Out Of The Vox: Austra Breaks Hearts With Their Wistful New Electro-Pop Album

Austra's main vocalist, Katie Stelmanis talks about the inspirations behind their new electro-pop album

Stelmanis poses at Toronto's museum of contemporary Canadian art in front of ilit azoulay's large-scale photo montage mural, tree, for, too, one (2010/13special edition), part of the contact photography festival, she wears a jeremy laing  dress and top

Stelmanis poses at Toronto’s Museum of Contemporary Canadian Art in front of Ilit Azoulay’s large-scale photo montage mural, Tree, For, Too, One (2010/13 special edition), part of the Contact Photography Festival. She wears a Jeremy Laing dress and top; Photo by Peter Ash Lee

Katie Stelmanis is quiet in person, her sleepy Fassbinder heroine eyes belying the power that soars from her throat like a Valkyrie, even when she’s just laa-aa-ing a few notes in between takes for this shoot. The 28-year-old former opera singer fronts Austra, Toronto’s melancholy electro-pop sextet whose Juno-nominated first record, Feel It Break, was hailed as a top album of the year by New York magazine and the Toronto Star, and shortlisted for the Polaris Prize. Their highly anticipated second album, Olympia, is out June 18, and tracks that shimmer between dance-party playlist and intimate folk ballad intensify the signature happy/sad Austra high.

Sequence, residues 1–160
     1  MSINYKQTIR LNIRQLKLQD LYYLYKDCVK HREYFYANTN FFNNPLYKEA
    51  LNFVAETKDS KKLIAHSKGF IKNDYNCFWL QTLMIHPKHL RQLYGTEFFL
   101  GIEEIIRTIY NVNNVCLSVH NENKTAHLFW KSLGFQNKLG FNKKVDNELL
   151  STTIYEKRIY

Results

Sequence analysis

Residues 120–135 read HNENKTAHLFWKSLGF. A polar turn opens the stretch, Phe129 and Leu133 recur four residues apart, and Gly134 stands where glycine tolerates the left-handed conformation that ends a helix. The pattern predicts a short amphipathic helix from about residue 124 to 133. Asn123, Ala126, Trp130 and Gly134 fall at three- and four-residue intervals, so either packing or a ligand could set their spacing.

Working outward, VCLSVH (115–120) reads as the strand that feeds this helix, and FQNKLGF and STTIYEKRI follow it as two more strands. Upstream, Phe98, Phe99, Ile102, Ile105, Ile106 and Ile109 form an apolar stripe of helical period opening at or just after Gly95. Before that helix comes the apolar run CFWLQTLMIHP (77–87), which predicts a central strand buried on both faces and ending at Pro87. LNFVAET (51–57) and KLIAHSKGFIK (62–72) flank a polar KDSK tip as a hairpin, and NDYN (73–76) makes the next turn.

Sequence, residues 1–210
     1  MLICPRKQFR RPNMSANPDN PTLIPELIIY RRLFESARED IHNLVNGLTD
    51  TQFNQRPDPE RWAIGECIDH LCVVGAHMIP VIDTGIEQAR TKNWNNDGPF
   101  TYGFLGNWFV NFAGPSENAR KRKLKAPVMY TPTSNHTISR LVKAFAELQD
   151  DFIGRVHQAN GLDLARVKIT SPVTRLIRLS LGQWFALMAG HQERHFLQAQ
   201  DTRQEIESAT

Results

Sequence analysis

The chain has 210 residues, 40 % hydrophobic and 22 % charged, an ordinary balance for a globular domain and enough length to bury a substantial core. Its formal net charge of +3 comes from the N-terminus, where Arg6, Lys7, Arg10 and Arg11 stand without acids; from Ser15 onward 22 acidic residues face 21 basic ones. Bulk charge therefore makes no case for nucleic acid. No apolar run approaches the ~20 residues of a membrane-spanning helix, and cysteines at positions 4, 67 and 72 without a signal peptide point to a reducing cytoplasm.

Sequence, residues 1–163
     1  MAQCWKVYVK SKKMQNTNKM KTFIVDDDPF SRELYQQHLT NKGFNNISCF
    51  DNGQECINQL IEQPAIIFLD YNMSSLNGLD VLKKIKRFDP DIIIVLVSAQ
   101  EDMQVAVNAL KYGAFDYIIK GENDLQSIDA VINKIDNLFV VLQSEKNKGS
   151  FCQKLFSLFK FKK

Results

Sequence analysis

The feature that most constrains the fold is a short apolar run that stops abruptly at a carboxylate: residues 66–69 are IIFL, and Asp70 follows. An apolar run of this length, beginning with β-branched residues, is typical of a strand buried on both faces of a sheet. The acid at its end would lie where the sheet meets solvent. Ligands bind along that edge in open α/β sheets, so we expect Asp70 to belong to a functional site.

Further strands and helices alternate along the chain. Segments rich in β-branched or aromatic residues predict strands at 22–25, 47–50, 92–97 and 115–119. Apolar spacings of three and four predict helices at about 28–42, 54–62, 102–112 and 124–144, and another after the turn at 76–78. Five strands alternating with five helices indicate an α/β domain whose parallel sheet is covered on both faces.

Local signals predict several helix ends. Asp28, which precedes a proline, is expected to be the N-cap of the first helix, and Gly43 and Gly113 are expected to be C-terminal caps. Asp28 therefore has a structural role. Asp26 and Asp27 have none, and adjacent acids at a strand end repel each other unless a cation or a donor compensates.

The band is also known for its sophisticated-grunge look—even if Stelmanis shies away from labels. “I don’t really ever like to be seen as stylish,” she says. “I believe in anti-fashion. I try to look like a weirdo.” (She calls her current style “psychedelic industrial.”) While Stelmanis made Feel It Break mostly solo, Olympia was born of collaboration; her bandmates—drummer Maya Postepski, bassist Dorian Wolf, keyboardist Ryan Wonsiak and twin vocalists Sari and Romy Lightman—transform simple melodies into haunting soundscapes. Stelmanis has more to say this time around, too. “Before this album, I didn’t really care about lyrics. But it suddenly became… a therapeutic process—I wrote the album while going through a pretty tough time.” In doing so, she gives new voice to age-old heartbreak.